Connecting the dots, client management sees the financial benefit of the audit firm's transfer-pricing analysis and at the same time recognizes that the audit firm would obviously opine on the implications of the transfer pricing to the company's financial statements. It's a no-lose proposition for the client.
Isn't this wrong on two fronts? They're using their audit influence to win work, after which they audit their own work. It's easy to see where this process might lead.
Audit firms offer more and more attractive recommendations on certain valuations to make their bids more attractive to clients, along with the unspoken guarantee that their audit team will not question those valuations when it audits its own work. All it takes is a very aggressive management team to leverage that opportunity. Then we are back to new Enrons blowing up, at great cost to the public investing community.
James Doty, the chairman of the PCAOB -- a role appointed by the Securities Exchange Commision -- focused on these dangers when he pointed out in a 2011 speech to public company directors that auditors are not sufficiently independent of the companies they are auditing. "These firms are highly competent," he said. "And yet the failures continue to occur, in spite of firms' remediation efforts. I am left with the inescapable question whether the root of the problem is auditor skepticism, coming to ground in the bedrock of independence. The loss of independence destroys skepticism."
Given the ethics requirements of SOX, you might wonder why clients put up with this. In my opinion, it's a matter of resources.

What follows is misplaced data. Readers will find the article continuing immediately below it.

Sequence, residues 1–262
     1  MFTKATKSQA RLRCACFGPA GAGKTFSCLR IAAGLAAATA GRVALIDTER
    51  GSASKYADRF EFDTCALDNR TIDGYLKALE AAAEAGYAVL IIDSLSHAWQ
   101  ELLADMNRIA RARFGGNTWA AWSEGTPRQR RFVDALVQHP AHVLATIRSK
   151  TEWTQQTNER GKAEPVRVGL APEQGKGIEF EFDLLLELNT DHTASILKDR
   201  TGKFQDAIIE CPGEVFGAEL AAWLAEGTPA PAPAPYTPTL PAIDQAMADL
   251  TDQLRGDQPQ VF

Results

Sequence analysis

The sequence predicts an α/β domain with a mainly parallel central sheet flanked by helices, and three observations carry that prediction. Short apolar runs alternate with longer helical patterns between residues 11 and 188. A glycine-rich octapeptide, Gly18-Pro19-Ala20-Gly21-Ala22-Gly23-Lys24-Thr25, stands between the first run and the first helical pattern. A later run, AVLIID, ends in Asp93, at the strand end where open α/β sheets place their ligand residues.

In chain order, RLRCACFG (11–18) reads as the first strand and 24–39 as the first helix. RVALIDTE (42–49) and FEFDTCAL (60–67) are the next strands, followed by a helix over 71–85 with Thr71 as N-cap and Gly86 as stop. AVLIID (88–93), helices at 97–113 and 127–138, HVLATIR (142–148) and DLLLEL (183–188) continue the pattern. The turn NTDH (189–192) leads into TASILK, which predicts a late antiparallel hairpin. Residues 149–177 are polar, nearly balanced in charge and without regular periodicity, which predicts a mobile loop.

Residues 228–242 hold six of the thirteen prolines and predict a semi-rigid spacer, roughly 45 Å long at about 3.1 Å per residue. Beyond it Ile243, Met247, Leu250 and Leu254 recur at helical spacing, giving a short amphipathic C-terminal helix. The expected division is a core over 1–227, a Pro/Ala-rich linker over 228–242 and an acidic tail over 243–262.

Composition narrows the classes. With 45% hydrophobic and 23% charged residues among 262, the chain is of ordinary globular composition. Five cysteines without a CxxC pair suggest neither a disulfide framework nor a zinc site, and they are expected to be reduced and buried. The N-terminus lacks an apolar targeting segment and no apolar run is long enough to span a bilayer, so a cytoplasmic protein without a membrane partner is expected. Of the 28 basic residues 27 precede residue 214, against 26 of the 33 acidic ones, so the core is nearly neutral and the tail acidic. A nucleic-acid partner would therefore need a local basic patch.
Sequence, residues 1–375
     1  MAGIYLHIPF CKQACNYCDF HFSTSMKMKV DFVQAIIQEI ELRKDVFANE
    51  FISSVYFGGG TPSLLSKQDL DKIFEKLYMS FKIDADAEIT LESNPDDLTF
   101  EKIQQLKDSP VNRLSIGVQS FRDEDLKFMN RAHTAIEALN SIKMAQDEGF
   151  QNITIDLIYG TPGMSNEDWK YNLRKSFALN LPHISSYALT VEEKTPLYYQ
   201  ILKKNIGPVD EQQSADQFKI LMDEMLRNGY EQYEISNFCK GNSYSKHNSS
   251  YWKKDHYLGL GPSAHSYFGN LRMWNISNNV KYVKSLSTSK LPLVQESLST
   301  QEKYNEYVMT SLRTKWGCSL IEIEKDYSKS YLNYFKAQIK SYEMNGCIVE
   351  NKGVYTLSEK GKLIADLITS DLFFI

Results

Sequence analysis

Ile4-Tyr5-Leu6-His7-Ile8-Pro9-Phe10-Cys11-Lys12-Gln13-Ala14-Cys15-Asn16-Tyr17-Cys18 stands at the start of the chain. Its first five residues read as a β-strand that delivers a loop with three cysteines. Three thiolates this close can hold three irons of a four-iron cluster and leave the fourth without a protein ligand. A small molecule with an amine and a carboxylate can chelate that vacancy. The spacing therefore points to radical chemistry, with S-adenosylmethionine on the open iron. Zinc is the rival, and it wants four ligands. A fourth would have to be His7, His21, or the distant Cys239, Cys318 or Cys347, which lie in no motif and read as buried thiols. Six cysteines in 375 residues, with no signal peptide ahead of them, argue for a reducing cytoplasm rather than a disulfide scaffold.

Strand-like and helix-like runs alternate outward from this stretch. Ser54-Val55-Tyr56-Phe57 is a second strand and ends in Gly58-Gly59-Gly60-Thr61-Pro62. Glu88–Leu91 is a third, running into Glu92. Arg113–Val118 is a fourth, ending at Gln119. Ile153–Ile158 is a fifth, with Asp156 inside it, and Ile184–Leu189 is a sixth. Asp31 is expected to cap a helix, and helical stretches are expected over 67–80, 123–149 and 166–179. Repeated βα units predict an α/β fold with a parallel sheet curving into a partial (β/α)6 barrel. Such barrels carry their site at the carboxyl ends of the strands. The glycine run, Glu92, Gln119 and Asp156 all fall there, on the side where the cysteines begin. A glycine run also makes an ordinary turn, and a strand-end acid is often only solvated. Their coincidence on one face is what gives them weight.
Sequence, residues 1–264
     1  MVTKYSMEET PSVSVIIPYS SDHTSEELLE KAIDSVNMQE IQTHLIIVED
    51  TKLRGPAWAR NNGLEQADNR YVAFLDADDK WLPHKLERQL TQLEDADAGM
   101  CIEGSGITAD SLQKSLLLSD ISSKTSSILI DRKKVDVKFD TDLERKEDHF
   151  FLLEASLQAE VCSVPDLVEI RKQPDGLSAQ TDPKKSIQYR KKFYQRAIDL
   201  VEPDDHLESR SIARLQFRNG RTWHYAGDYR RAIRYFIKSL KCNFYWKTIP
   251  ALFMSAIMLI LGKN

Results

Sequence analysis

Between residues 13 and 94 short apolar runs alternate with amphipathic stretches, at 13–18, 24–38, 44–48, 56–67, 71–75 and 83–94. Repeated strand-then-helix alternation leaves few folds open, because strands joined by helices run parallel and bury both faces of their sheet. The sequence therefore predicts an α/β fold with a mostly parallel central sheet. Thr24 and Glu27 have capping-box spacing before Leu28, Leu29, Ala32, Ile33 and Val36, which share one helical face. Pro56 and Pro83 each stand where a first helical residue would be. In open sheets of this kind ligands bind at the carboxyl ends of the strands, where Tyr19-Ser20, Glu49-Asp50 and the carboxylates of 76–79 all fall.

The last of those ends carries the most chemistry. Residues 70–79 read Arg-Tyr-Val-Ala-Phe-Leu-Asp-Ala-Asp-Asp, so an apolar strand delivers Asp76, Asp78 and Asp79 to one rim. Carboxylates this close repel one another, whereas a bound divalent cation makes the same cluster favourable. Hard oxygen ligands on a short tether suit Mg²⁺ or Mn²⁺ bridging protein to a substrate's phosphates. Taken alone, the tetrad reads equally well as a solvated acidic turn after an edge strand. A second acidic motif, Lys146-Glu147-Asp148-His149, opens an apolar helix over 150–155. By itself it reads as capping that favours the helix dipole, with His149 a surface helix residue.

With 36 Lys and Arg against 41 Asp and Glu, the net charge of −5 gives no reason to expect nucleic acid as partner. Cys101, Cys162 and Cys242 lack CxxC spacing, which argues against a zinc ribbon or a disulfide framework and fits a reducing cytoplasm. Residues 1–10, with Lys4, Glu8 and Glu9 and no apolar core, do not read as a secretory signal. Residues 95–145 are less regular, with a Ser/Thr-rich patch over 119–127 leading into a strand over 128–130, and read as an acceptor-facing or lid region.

Corporate finance departments are being called upon to do more with less. Accounting pronouncements and reporting requirements are increasingly complex, to the point that the Big Four firms have specialists for most technical issues to whom the rank-and-file auditors refer complex matters. With the PCAOB bearing down on the auditors, the auditors bear down on the corporate finance groups.
Client management, faced with having to stay ahead of multiple auditors on multiple issues, ultimately throw up their hands in despair. They take the path of least resistance and recommend the audit firm to provide consulting services. Management is aware that the audit committee likely trusts the audit firm. Like the traditional axiom of purchasing agents goes, "Nobody ever got fired for buying IBM equipment."
So it's ultimately between the audit firm and the audit committee. And SOX called for active involvement and a level of skepticism by said committee. It anticipated that services would be awarded based on competition between service providers, based both on competence and cost. It provides for an objective view as to whether the services provided by the accounting firm might jeopardize both the reality and the appearance of independence by the audit firm.
Interestingly, the Big Four firms regularly court audit committee members, offering webinars and conferences. They have a direct line with audit committee chairs, many of whom are former partners from the audit firm.
The tragedy is that while the good parts of SOX are being eroded, the bad parts remain. The law has imposed an enormous burden of bureaucracy on finance departments. Literally thousands of questions now need to be answered as part of every year's annual audit. Documents three inches thick have to be produced, packed with answers to questions about the accounts, policies and procedures. All this simply adds to the cost and the time involved, making it even harder for a diligent CFO to track and manage the accounting and reporting process.
Supreme Court Justice Louis Brandeis said that sunshine is the best disinfectant. The solution to the problem is not more bureaucracy, but more transparency. These problems can be addressed. But they require a fresh look from people outside the charmed circle of the Big Four.
The people who got us into this mess are not the ones who will get us out.